We provide planning advice across a wide range of development types, over a considerable geographic area, for a range of clients in the public and private sectors. This includes residential and commercial developers, retailers, private landowners, local authorities, charities and smaller private clients.
Being located in Wealden District, we have had a number of years’ first-hand experience of the manner in which the Local Authority has interpreted the Habitat Regulations. The significant restriction on development imposed by the Council during the last three to four years extends to the whole of the Local Authority area and has been based on a number of different policy stances that have been changed at various times, often with little notice, and which have unfortunately been interpreted in different ways by different council staff. The result has been that we at ASP have had to continually adapt advice to clients in order to keep abreast of the changing situation. The council’s so-called ‘flexible approach’, coupled with ‘nitrogen credits’, have produced some frankly bizarre decisions, where proposals for unsustainable rural development remote from any services or facilities have been actively promoted, while proposals for sustainable development within existing towns and settlements has been firmly resisted.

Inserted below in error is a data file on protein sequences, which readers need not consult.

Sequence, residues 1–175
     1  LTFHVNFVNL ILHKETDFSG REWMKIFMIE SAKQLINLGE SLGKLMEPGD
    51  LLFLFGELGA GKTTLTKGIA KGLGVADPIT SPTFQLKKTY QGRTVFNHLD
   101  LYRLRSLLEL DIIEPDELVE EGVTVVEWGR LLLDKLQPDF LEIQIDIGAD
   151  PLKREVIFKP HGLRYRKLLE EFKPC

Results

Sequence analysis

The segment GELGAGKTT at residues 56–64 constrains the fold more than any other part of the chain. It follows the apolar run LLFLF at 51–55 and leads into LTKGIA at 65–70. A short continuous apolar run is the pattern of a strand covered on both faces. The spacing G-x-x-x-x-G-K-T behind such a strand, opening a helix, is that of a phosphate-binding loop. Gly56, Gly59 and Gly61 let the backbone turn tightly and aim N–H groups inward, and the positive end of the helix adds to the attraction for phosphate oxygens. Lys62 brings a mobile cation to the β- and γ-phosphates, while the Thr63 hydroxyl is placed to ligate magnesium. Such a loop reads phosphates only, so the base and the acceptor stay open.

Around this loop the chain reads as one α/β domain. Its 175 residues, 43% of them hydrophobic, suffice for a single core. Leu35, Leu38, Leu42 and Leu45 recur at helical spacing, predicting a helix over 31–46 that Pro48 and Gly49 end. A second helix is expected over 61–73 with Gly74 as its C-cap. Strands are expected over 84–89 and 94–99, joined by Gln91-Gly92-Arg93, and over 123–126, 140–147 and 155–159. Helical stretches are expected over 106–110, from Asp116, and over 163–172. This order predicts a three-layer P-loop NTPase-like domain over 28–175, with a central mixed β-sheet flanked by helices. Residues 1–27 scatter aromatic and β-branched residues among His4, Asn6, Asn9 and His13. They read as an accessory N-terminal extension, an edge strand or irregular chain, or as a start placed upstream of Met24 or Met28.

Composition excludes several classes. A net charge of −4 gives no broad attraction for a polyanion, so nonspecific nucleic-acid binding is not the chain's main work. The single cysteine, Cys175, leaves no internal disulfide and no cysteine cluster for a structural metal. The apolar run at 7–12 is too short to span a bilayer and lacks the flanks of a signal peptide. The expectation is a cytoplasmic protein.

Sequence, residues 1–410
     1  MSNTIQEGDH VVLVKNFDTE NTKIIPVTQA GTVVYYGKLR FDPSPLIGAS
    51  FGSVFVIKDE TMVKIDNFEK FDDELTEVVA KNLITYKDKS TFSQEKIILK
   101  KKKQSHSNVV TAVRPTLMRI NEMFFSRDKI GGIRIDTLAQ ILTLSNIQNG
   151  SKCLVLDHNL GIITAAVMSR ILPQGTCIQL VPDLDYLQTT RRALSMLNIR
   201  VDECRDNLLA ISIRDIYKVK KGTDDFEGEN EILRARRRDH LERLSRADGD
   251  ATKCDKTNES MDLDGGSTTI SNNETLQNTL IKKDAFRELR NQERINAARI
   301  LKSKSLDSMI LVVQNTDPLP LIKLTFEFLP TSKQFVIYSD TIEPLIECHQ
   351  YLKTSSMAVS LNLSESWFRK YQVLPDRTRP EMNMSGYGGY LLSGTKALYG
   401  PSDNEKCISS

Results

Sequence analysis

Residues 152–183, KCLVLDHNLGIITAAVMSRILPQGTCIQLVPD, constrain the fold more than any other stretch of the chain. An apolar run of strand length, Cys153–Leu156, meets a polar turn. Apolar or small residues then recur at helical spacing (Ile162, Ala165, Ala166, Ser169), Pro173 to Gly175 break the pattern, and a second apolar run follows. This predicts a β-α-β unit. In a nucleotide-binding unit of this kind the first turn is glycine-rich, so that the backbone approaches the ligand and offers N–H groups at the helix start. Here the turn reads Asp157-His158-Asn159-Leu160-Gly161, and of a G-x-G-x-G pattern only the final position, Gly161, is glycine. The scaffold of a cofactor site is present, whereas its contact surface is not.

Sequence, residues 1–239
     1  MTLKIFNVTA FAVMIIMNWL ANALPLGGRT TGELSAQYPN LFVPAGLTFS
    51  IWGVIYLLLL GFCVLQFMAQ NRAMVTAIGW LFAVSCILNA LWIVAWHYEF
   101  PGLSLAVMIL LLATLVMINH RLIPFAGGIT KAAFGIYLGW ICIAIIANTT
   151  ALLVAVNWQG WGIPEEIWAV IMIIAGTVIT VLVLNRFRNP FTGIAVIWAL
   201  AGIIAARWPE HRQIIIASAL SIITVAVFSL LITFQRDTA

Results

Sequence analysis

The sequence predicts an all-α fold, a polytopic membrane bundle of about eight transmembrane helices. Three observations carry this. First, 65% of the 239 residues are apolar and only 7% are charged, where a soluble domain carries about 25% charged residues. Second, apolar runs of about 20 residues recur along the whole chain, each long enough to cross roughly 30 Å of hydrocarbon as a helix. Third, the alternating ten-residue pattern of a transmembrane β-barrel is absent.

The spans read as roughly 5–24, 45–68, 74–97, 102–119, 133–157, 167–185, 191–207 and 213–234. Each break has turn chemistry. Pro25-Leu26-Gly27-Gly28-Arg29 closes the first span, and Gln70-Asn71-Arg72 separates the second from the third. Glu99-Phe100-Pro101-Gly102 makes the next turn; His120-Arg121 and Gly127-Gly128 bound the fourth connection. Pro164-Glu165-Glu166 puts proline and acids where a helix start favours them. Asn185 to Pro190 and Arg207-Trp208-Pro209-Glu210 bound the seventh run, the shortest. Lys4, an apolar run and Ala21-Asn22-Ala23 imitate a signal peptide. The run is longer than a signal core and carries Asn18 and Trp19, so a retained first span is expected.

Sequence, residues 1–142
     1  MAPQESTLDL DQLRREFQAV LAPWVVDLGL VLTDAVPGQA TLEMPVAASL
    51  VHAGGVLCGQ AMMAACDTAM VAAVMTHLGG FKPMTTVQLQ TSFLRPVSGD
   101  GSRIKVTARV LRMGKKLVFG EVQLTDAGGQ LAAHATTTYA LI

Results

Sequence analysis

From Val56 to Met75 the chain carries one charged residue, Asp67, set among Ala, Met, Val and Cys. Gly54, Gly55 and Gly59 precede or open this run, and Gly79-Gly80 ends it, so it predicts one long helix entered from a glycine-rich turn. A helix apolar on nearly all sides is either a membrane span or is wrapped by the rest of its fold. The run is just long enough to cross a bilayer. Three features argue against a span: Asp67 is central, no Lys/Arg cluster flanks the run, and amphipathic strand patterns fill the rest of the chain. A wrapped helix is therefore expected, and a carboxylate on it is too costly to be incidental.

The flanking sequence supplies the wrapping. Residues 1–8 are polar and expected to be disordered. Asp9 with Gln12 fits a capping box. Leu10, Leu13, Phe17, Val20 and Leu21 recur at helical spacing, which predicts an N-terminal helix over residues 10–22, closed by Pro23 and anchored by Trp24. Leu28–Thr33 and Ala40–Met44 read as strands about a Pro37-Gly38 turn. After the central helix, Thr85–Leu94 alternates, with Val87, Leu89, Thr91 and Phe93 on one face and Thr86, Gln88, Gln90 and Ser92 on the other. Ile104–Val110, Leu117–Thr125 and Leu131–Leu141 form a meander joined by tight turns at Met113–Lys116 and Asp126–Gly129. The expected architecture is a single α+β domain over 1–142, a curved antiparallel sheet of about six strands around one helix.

The Draft ‘Proposed Submission Wealden Local Plan’ was published for consultation between 13 August and 8 October 2018. It is essentially the council’s reaction to an increasing body of evidence that is beginning to isolate it from the policy and practice of all of its neighbours, and which has also drawn significant criticism from Natural England. The council’s insistence that its policies and proposals, in combination with others, will adversely affect the Forest, is translated into a plan that states, in its first two policies, that none of the development it proposes will be possible unless the council is able to prosecute a scheme of mitigation. It is presently struggling to prepare a workable mitigation policy prior to 24th January 2019. If it fails to do so then the plan cannot proceed, because it will be necessary to prepare it afresh to take account of the revised National Planning Policy Framework which comes into effect (for local plans) on that day.The council has not reacted as yet to significant criticism from neighbouring authorities that the plan is not legally compliant, nor has it made any suggestion that the plan may need to be subject to major modifications to make it ‘sound’.
We spend considerable amounts of time with clients’ proposals to achieve the best possible outcome in such difficult and inconsistent circumstances, and we will continue to monitor the situation and advise our clients accordingly.
Our present portfolio of work includes consultancy advice on residential schemes of varying sizes and in a wide range of locations. Our role in most cases is as lead consultant, reporting directly to the client, formulating and implementing a tactical approach and managing a larger development team of specialist consultants. Current instructions range from one or two units up to proposals for around 200, in a range of local authorities in Kent, Surrey, East and West Sussex and Essex, and further afield in locations such as Oxfordshire.